Former New Zealand all-rounder Richard Hadlee is undoubtedly one of the greatest cricketers the world has ever seen. The right-arm fast bowler was probably one of best exponents of swing and seam with the new ball and his record of becoming the first person in cricket’s history to take 400 Test wickets is an apt testimony to his skills and verve.

Hadlee, who turns 68 on Friday, registered 36 five-wicket hauls and nine 10-wicket match hauls in the 86 Tests he played. But the one effort that stands out not just for his skills but his sportsman spirit was definitely the first Test of the 1985-’86 Australia-New Zealand series at the Gabba, Brisbane.

Hadlee took a staggering 15 wickets in that match. He had figures of 9/52 in the first innings and 6/71 in the second.

By the time New Zealand arrived in Australia, Hadlee was 34 and in the twilight of his career. It was felt that batsmen had started to figure out his line of bowling and that left-handers in the Australian line-up would be happy to leave the ball alone as he mostly angled it across the stumps.

To counter the problem, New Zealand coach Glenn Turner placed a garbage bin at the stop where the umpire would stand during the Test match and made Hadlee practice bowling close to the stumps so that he could bowl wicket-to-wicket against the Aussies, who boasted of four left-handers in the top seven.

The bowler-coach duo also meticulously studied the tendencies of the Australian batsmen during their 3-1 loss in the Ashes series in England and knew that opener Andrew Hilditch was a compulsive hooker. It is said that Hadlee bowled just two short balls in the 52.3 overs he bowled in that Test match and got the Aussie to hole out to Ewen Chatfield at the fine leg boundary.

The overcast conditions on the opening day also helped New Zealand and Hadlee’s cause as skipper Jeremy Coney had little hesitation to bat first after winning the toss. The all-rounder also accounted for David Boon, Kepler Wessels and Greg Ritchie on the rain-curtailed opening day and then came back the next morning to run through the Australian middle and lower order.

He constantly targeted the off-stump of Australia’s left-handed batsmen and was duly rewarded as he took the first eight wickets of the innings. It looked like Hadlee was on course to become the second bowler to take all 10 wickets in an innings after Jim Laker. But it was his own catch that denied him the record. He took an excellent running catch at mid-wicket to dismiss Geoff Lawson to help Vaughan Brown bag his first Test wicket.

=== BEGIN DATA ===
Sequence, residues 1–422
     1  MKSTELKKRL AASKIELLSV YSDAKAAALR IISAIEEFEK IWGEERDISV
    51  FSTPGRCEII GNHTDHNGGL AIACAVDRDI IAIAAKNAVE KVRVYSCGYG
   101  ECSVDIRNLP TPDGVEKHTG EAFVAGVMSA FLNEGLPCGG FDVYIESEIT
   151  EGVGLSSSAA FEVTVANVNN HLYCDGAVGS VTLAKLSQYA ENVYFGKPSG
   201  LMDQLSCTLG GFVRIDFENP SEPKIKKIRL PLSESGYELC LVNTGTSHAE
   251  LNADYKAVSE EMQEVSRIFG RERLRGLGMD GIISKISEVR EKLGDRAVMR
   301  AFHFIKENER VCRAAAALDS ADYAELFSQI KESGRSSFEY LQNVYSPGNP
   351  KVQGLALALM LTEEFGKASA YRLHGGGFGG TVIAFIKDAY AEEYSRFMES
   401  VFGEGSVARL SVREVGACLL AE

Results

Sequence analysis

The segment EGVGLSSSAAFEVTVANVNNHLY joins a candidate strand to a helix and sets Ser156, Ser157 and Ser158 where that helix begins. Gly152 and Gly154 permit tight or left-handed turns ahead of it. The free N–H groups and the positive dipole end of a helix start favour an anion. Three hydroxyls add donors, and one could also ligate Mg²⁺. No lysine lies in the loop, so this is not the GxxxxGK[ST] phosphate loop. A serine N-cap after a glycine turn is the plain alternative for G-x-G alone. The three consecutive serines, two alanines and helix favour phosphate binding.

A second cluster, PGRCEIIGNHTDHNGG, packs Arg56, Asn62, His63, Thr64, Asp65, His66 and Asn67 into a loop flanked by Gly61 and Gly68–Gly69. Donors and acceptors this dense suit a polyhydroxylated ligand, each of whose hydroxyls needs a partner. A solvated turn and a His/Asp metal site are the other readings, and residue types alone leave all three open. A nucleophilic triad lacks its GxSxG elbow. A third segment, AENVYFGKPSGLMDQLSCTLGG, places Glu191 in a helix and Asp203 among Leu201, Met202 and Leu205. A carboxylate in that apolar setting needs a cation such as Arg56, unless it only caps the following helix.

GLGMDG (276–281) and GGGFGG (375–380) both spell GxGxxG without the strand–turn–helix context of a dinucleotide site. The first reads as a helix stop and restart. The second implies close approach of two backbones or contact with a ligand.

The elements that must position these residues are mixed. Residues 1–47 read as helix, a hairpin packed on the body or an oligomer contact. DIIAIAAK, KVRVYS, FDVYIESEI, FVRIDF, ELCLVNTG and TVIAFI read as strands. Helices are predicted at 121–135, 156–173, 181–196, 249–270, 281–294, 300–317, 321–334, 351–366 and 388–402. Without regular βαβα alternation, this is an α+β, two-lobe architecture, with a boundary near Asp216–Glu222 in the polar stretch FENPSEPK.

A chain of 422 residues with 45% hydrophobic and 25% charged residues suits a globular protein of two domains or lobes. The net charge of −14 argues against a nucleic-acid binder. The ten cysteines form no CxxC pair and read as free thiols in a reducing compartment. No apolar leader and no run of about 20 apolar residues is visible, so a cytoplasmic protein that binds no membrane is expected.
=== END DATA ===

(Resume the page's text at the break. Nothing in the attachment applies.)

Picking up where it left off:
However, Hadlee doesn’t really regret missing out on that record. “Some people asked me why I didn’t drop the catch. But I said to them that the game of cricket is not like that. You take every opportunity you get. And it was significant for Vaughan Brown as well because that was his first ever Test wicket,” Hadlee had said about that incident.

He then dismissed Bob Holland to bowl Australia out for 179. New Zealand then made a mammoth 553/7 declared with Martin Crowe (188) and John Reid (108) scoring centuries while Hadlee himself contributed with a 45-ball 54 to help his team take a first innings lead of 374.

Australia did put up a fight in the second essay with skipper Alan Border scoring an unbeaten 152 and the aggressive Greg Matthews making 115. But Hadlee was not done yet.

After accounting for Hilditch early in the second innings, the all-rounder broke the Border-Matthews partnership by forcing the latter to edge one to Coney and end the 197-run partnership for the sixth wicket.

He then ran through the tail with Chatfield accounting for Lawson as New Zealand won the match by an innings and 41 runs.

Hadlee continued to torment the Aussies during that series as he took 33 wickets in three Tests to help New Zealand record a 2-1 triumph. It remains the only series win for the Kiwis on Australian soil.

Here are highlights of that unforgettable Test and Hadlee’s views on it: